When we wrote copy for clients’ websites back in 2006, we often advised them not to bother with an About page.
Our reasoning was that it isn’t about you, it’s about your customers, and what’s in it for them.
Back then most About pages were deathly dull – a boring history of the business… blah, blah, blah!
We have to say that advice still holds true – it is all about your customers.
But in recent years, our advice has changed about having an About page.
There has been a huge move, particularly in the last 18 months, towards storytelling.
Interestingly, this move applies to all businesses from large corporates to small companies. And is supported by social media. People want to “peep behind the curtain” and understand more about the business, its ethical stance, the way it treats its staff and customers and what it is really all about.
So, how does this apply to you?
In some professions, particularly medical, law and accountancy, there is a general expectation that if you are practising you are appropriately qualified. So you don’t need a huge list of qualifications, albeit it is good to reassure your clients you have earned the spurs to help them.
In other sectors, qualifications are not necessarily essential, so you may want to showcase any you have achieved as part of your About page – sadly, this is particularly true in marketing.
But showing more about you and your business goes much deeper than a list of qualifications.
Why not consider the following:
- Why was the business set up?
- Why was the name chosen – this applies more to unusual names and can make a great talking point
- What is the back story of the business founder – bring out some of the more human or quirky aspects too, don’t be too straight laced
- Give a little detail about your team – a brief pen portrait, you don’t have to supply their CV. Again, consider something appropriate which reflects them outside of work, or a more human aspect. Examples I have seen range from the bizarre – what superhero would you be – to what would you do if money were no object, or what is the worst interview question you have ever heard?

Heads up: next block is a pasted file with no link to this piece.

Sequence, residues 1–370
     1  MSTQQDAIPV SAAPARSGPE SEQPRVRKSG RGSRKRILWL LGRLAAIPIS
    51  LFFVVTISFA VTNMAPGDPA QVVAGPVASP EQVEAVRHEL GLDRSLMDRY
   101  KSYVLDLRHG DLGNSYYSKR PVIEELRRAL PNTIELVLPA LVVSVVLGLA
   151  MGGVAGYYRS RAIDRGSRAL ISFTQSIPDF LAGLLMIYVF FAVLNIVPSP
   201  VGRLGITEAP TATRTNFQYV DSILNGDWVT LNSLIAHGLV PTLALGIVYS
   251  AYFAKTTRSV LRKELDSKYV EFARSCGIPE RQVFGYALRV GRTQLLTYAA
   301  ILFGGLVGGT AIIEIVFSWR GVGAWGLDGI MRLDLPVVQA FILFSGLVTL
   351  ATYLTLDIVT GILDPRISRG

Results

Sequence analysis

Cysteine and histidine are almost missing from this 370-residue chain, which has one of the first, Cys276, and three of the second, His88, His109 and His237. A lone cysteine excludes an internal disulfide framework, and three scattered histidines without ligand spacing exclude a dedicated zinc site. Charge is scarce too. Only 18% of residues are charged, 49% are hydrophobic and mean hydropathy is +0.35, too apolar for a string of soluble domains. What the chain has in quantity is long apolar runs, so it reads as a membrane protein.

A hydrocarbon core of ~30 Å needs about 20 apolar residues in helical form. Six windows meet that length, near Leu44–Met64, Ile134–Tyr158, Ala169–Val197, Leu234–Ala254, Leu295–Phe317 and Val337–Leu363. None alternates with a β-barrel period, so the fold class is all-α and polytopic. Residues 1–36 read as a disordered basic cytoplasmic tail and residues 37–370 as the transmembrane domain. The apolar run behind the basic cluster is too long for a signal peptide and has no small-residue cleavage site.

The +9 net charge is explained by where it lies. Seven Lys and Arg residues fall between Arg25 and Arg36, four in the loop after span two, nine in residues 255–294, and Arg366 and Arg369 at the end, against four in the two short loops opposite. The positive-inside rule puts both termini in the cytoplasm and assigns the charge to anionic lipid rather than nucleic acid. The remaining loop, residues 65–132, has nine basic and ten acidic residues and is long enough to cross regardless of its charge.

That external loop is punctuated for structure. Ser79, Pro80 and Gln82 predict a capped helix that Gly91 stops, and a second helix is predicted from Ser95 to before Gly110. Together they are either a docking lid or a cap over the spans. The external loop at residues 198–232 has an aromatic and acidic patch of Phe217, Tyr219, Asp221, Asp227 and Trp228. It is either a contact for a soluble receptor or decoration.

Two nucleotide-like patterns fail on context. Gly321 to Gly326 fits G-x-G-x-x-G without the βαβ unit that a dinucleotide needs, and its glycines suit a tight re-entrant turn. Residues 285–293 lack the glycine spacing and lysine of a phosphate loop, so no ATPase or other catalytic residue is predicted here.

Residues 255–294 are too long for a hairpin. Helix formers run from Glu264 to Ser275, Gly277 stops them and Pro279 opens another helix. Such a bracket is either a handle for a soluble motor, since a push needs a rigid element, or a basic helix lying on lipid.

- Give it personality – make it a compelling read – don’t just trot out the same old history of the business or you
- Good images – if you are going to use photographs make sure you get a professional to do it – don’t try doing it on the cheap with your mobile phone. They don’t have to be formal and corporate, go with the style that suits your business.
Make sure what you say on your About page truly reflects the way you run the business. Many a company has been caught out by claiming to really value something only to be shown in their true light in reality.
And ensure your social media exchanges add up too.
Is your About page going to make a prospective client instantly sign the order?
Probably not. But it may well make them want to do business with you.
At the end of the day, in a service based business, people buy people. Prospects will be looking to reinforce what they are already thinking about you, based on meeting you, speaking to you on the phone, or reputation.
Your website is your shop window
We all check out the people we meet on line, so why not make sure your About page has your prospects reaching for their phone?